I couldn’t help it. I looked up how long the F word has been around. Since 1475! In all those years it was saved for impolite company. Well, until lately. Now I know, there are lots of cuss words, and Facebook will attest that I have said at least one myself, darn it. But I think we’re losing ground when the big F loses the impact it used to have. When the young folks tell me that it means nothing.

It doesn’t mean nothing. Words have meaning. And I, for one, would like to see that one return to the darkside. Okay, I’ve said my piece.

Next Year

Nope, not resolutions. Seems like a bargain with failure. However, great ideas, you betcha!

I’m going to invite other authors to blog here. That’ll be fun.

I’m going to let my little dog take the therapy dog test, and then we’re headed for the library, hospital, and whereve else she can share love.20191203_142027

I’m going to train to be a CASA volunteer to help foster kids navigate this crazy world.

I’m going to a few weddings and birthdays and holidays and Neighborhood Watch stuff.

I’m going to get on down to love the homeless at the Shower Shuttle now and then, and take that dog I mentioned.

And I’m going to love my family despite the fact that we are cussed people, but made in the image of God. That is all, unless God has other ideas.

Rogue Wave

RogueWavecov (1).jpgFriday is launch day for my new novel, Rogue Wave! You can preorder the Kindle version on Amazon now. See if this sounds interesting:

Bonnie O’Sullivan turns to put apples in her shopping cart to find her daughter, Fallon, smiling toothlessly–but her best friend’s daughter vanished. Disappeared into nothing, and never found.

Bonnie rescues sea otters as a biologist at Monterey Bay Aquarium, but her love of adventure doesn’t extend to her daughter as Fallon matures. Haunted by the kidnapping, Bonnie confines Fallon to Seascape, their ranch stronghold.  Red-headed Fallon responds by perfecting rebellion. Now a shadowed gunman has fired at Bonnie from a ridge on the ranch. Who is he? Why is he shooting at her?

Quinn, Bonnie’s ocean-hopping Irish husband, is no help. He easily dismisses Bonnie’s fears and believes it’s time to give their daughter more freedom. After the shooting, he and Fallon find a gold coin where the gunman stood on the ridge. What does it mean?

  • Does Graciela Castaneda, Fallon’s beloved nanny, have any part in the mysteries?
  • Will Fallon barrel race herself to freedom?
  • What will a courageous, but overprotective, mother risk to provide her daughter a safe harbor?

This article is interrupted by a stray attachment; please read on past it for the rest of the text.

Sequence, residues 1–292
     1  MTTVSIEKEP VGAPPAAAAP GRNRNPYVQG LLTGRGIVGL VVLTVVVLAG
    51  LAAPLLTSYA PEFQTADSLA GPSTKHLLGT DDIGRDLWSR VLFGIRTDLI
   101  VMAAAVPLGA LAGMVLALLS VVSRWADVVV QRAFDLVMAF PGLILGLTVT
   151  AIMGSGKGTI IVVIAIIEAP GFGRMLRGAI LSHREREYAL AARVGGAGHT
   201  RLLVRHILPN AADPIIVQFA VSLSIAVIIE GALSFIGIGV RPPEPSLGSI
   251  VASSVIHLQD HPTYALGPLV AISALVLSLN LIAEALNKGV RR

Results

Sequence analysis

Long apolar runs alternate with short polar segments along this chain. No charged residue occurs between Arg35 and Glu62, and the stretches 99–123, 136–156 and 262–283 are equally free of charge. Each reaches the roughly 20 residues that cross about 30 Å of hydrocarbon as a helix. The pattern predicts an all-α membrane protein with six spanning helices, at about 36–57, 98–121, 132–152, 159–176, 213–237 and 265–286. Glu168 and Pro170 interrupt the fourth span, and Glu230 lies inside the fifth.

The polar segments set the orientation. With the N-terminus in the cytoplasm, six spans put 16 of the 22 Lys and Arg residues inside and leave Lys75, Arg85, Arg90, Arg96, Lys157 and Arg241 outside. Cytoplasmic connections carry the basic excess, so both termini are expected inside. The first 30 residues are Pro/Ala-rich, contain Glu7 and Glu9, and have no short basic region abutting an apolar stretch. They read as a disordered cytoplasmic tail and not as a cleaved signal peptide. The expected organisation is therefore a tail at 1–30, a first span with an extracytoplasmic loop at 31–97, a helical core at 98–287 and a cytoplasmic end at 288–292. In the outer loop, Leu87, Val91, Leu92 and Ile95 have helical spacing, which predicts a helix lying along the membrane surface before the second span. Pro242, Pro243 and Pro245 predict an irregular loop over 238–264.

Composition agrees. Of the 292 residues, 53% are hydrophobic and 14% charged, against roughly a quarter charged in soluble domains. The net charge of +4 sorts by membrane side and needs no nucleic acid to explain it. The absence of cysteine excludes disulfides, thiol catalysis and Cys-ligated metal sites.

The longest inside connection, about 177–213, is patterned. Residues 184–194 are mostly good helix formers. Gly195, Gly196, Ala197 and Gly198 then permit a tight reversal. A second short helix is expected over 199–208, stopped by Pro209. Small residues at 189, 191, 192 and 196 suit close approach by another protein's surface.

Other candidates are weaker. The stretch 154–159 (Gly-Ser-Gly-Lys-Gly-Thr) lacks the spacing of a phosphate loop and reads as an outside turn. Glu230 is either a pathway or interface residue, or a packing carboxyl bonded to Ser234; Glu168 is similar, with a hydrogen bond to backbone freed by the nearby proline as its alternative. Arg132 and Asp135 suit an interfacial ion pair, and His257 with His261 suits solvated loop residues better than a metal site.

Rogue Wave, the first novel in the Seascape Saga, answers the question, “How do we find the courage to face fear?

 

Platformitis

In these days of rampant technology, writers are being advised to build a platform. This platform, according to the experts, should include a blog – written daily, or at least weekly; and Facebook, Twitter, instagram and some other “presences” I don’t recall the names of, posted with even more regularity; as well as speaking on the subjects about which we writers write. (Do you know how long it takes to prepare to speak?)  I believe this platform-building steals the hope of good writing, especially for those who wish to improve their writing over the course of their lives. There are, after all, only twenty-four hours in one writer’s day, and we all do have to get the dishes done or take out the trash.

design desk display eyewear

Interesting that I’m wiritng this in my blog–kind of an oxymoron in progress. No, not really, though, because it serves to clean my brain of a rant. I’ll just add this. When I was writing nonfiction, research was my biggest “distraction.”  Time-consuming, but far less than my current writing life, then I could spend a fraction of my time on platform.

Now that I’m trying my hand at fiction, there are so many skills  to learn, skills that build on each other and require neverending practice.  This polishing of a writer’s writing should take priority over platform building. If it doesn’t, my writing stands a good chance of being lackluster, ill-conceived drivel.

I know, because I have read others’ who I imagine spent the time they could have polished their fiction — you guessed it, building platforms.

So what to do? Publishers want the platforms so that readers will be drawn in. Makes sense. Perhaps they should consider helping  authors create and maintain their platforms. Or maybe agents should assist with that job? Or perhaps the frequency doesn’t need to be daily or weekly. I’m just advocating for putting the most, best time into the writing.

Rant End.